A beginner’s guide to selling on Twitter

Twitter (www.twitter.com)
has quickly grown from being something only known to a group of early
adopters, and those at the leading edge of the social networking
community, into a phenomenon.

Twitter is essentially a social networking forum that allows you to
state what you’re doing, thinking, or say anything at all that you want
in 140 characters or fewer. This message is then relayed to your
‘followers’. These are the network of other Twitter users (Twits) who
have chosen to follow you and read what you have to say. You can also
follow other Twits, who may be people you know or don’t know. As a rule
you can only see the tweets of other Twits you follow and vice versa.
If, after reading another person’s posts (Tweets) you would like to
respond or add to you can reply using an ‘@’ response and engage in
direct conversations.

So in its construction Twitter is much like any other social
networking site, such as Facebook, My Space or Linkedin, in that you
can choose both the people you connect to and those who connect to you.
The difference is that you have only 140 characters in which to say
what you have to say.

This brevity of communication gives Twitter potential advantages
over other social networks when it comes to business. You can
communicate with people quickly, informally and about any topic that
maybe of interest to you, (commercially or otherwise). Also, because
Twitter is real time, it allows you to track what’s being said about a
product, a service, or your company, whether that’s good or bad, right

Twitter has been used as a way to raise and resolve service issues
since its very early days. Mozilla, the company that develops the
Firefox internet browser, uses Twitter to make users aware of new
software updates. If a user is experiencing problems with their Firefox
browser they can tweet or direct message Mozilla explaining their
difficulty. This is then treated by Mozilla as a signal to get in touch
with the user. This type of interaction can often turn a complainant
into a promoter of a brand when they see such a proactive response to a

However, the beauty of Twitter in this area from a cultural
perspective is that as an organisation you don’t have to set up a
“Twitter watch” department. At ntl:Telewest Business the customer
issues are picked up by employees who spot “stuff” when they are on
Twitter as individuals. They are acting as “real people” who want to
help resolve customers or at least point the right people at the
problems. Many other companies are starting to adopt this viral “let’s
look after our customers and our brand” approach on Twitter

When it comes to selling to consumers, online brands have also been
quick to recognise the effectiveness of using Twitter as a customer
service tool. The fashion brand, ASOS.com is an excellent example in
this space. Not only does it use Twitter to make company announcements
and distribute discount codes, but it also has a separate
@ASOS_HereToHelp identity devoted to resolving customer problems.
Twitter’s real time search capability means that ASOS’s customer
service staff can proactively monitor the site for mentions of ASOS in
relation to lost deliveries and poor service. When it encounters
complaints, its workers then tweet back to ask how the problem can be
resolved before taking action.

Some companies are claiming that using Twitter can now be measured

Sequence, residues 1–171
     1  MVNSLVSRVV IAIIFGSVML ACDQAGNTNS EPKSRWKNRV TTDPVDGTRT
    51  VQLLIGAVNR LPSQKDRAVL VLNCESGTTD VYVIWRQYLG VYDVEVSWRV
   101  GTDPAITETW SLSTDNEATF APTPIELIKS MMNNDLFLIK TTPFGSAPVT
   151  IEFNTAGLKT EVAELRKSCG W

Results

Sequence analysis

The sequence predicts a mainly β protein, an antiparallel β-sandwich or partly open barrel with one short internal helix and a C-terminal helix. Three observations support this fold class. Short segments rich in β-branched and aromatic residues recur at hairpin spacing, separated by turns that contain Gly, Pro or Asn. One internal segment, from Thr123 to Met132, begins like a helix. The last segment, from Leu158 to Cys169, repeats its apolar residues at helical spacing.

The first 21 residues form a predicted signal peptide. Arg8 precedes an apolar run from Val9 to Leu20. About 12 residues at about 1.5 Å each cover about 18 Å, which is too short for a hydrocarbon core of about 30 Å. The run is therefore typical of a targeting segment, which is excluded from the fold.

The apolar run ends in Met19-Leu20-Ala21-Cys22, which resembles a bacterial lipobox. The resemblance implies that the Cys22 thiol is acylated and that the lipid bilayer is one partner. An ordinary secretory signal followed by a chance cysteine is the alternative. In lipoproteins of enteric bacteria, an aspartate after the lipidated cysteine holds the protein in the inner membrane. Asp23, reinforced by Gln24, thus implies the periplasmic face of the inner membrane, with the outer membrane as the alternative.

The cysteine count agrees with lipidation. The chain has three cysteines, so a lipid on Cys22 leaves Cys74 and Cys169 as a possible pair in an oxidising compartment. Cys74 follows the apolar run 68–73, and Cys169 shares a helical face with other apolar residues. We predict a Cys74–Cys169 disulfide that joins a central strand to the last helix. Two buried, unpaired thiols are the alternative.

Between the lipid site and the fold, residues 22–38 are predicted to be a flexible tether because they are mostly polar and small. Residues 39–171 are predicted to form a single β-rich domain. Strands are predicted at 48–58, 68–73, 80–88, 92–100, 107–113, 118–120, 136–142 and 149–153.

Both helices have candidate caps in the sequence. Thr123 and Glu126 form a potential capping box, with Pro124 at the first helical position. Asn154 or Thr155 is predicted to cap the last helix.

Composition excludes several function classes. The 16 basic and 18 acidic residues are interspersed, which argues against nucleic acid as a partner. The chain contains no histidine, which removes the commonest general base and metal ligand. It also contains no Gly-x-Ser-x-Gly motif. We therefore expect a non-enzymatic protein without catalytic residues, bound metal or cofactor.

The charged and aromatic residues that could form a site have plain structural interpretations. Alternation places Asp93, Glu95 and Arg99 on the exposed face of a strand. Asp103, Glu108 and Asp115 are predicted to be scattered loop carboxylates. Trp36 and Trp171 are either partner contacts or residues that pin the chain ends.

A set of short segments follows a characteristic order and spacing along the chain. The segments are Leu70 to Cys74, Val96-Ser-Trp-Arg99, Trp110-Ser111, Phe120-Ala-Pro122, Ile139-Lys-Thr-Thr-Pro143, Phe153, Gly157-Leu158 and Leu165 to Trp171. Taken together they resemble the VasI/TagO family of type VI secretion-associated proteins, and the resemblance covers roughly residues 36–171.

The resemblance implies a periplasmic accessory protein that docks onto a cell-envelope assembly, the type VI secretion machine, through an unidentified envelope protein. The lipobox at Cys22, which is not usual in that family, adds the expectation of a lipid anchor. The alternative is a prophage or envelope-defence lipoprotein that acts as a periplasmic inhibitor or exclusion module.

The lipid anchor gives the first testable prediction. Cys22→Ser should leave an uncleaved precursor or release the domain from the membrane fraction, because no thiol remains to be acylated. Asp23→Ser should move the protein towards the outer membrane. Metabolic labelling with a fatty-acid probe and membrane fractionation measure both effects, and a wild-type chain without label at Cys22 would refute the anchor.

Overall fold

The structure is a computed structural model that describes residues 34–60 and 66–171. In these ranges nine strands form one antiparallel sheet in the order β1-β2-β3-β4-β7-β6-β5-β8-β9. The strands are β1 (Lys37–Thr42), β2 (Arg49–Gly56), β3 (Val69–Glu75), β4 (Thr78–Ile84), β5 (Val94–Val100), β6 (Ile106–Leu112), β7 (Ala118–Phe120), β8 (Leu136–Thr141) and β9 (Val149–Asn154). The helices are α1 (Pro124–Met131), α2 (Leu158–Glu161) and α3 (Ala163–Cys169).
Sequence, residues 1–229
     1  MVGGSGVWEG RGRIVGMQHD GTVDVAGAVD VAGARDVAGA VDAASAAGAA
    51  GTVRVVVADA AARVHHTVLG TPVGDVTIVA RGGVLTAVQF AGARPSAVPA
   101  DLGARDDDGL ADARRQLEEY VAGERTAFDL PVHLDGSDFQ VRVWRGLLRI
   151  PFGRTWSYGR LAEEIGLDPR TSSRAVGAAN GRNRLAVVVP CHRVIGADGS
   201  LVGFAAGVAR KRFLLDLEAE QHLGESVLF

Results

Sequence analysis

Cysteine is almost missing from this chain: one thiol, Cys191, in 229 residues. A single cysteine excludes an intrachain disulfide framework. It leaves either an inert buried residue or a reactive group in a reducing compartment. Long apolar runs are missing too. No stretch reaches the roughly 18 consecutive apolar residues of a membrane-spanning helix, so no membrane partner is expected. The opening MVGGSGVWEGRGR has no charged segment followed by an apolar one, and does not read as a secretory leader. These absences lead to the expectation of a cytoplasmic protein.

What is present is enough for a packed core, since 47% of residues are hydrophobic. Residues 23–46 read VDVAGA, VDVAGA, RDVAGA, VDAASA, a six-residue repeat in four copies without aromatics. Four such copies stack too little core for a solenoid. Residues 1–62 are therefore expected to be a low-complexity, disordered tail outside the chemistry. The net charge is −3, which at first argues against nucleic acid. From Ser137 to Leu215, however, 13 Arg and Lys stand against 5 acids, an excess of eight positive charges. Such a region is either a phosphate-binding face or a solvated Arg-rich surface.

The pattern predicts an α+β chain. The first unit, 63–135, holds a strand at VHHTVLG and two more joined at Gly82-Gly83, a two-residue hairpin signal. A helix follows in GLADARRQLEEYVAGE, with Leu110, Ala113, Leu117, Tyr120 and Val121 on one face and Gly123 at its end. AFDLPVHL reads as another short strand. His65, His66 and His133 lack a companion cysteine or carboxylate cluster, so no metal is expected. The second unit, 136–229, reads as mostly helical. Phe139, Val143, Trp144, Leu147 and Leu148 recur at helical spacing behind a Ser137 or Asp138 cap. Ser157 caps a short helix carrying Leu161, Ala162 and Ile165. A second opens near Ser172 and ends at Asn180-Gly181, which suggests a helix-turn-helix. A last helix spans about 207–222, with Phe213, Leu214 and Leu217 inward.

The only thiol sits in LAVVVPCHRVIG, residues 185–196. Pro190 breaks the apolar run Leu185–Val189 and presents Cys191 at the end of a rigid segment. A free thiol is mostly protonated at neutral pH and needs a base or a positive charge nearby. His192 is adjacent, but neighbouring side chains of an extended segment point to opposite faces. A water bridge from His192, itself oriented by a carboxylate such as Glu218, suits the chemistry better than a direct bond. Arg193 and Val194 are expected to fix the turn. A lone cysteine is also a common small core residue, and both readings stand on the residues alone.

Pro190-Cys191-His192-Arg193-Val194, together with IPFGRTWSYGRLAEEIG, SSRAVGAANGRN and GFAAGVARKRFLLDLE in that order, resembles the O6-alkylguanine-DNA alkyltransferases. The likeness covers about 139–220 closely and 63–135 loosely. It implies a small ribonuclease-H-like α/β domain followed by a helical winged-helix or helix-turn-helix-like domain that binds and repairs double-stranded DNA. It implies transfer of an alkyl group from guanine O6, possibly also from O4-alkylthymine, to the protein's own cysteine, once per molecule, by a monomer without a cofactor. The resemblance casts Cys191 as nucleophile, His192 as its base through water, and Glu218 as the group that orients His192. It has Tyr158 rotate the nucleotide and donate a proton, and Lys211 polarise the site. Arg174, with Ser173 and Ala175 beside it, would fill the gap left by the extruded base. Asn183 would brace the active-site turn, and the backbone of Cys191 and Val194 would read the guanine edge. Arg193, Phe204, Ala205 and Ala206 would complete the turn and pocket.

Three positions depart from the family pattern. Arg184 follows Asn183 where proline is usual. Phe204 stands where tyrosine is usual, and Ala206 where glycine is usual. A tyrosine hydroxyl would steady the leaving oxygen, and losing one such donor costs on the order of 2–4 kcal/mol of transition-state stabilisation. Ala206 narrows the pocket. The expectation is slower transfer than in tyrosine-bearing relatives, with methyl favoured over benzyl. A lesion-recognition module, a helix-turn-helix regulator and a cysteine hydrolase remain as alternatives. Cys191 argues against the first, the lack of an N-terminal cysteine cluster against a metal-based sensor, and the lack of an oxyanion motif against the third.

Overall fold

at a bottom line level, computer manufacturer Dell, for example. It
uses its Twitter feed to advertise promotion codes and special offers
on its products; it recently estimated that doing so had brought in $3
million in extra revenue that would not have come in through other

The potential commercial power of Twitter extends beyond its use as
a sales promotion tool for recognized online brands. Its ability to
provide an instant view of particular keywords being discussed and by
whom can be invaluable, especially if you use Twitter via a desktop
application such as Tweetdeck, which allows you to spot trends and
keywords automatically.

For example, someone might ask their followers about their
experience of purchasing software or corporate networks and if this is
what you sell it’s a golden opportunity to offer help or ask a couple
of qualification questions. A word of warning though, notwithstanding
the fact that you’re (hopefully) not going to attempt an unsolicited
140 character pitch on your product, there is an etiquette on Twitter,
(or should that be Twetiquette), which it is best to observe. Think of
it like being stood at a hotel bar, you can say hello to someone and
attempt to start a conversation, if they engage then great, if they
don’t want to talk then it’s best to move onto someone who does.

As Twitter’s profile increases, the downside is the rise in the sort
of stuff you see being attracted to any growing part of the internet,
Gurus of all persuasion, life coaches, people offering to write your CV
and invitations to connect to sites of a dubious nature are on the
increase exponentially, but then again you can choose not to follow or
you can block them from following you if you want to.

However, whilst Twitter is not designed to, nor do I think it
aspires to be a business to business sales channel, it’s the smart
companies, the smart (sales) people and those with a real sense of
engagement with their own organizations that are spotting and acting
upon its real time, “customers in your face right now” potential to
solve problems and seek sales opportunities.

So if you’re looking for something that will be a magic bullet to
hit your sales numbers, then Twitter isn’t it. What it is though is
somewhere you can find out what people are talking about right now. And
if that happens to be your product, your competitor’s product or a
problem you could help solve, that’s well worth knowing.

By John Cunningham
Director of Business Markets ntl: Telewest Business
Follow John on Twitter @johnpc